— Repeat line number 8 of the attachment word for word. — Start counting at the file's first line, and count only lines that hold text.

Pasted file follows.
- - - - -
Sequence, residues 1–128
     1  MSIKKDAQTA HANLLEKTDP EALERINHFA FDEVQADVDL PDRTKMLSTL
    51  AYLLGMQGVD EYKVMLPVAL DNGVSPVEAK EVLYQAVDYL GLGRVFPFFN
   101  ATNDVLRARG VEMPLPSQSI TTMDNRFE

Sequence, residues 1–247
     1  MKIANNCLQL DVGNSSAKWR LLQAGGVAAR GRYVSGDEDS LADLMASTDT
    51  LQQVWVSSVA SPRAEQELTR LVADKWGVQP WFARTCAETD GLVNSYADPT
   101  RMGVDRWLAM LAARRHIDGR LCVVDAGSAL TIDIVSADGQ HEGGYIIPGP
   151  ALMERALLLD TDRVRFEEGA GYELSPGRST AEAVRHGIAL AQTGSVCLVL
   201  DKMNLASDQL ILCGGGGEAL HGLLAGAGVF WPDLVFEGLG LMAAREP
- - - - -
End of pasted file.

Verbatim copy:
   101  RMGVDRWLAM LAARRHIDGR LCVVDAGSAL TIDIVSADGQ HEGGYIIPGP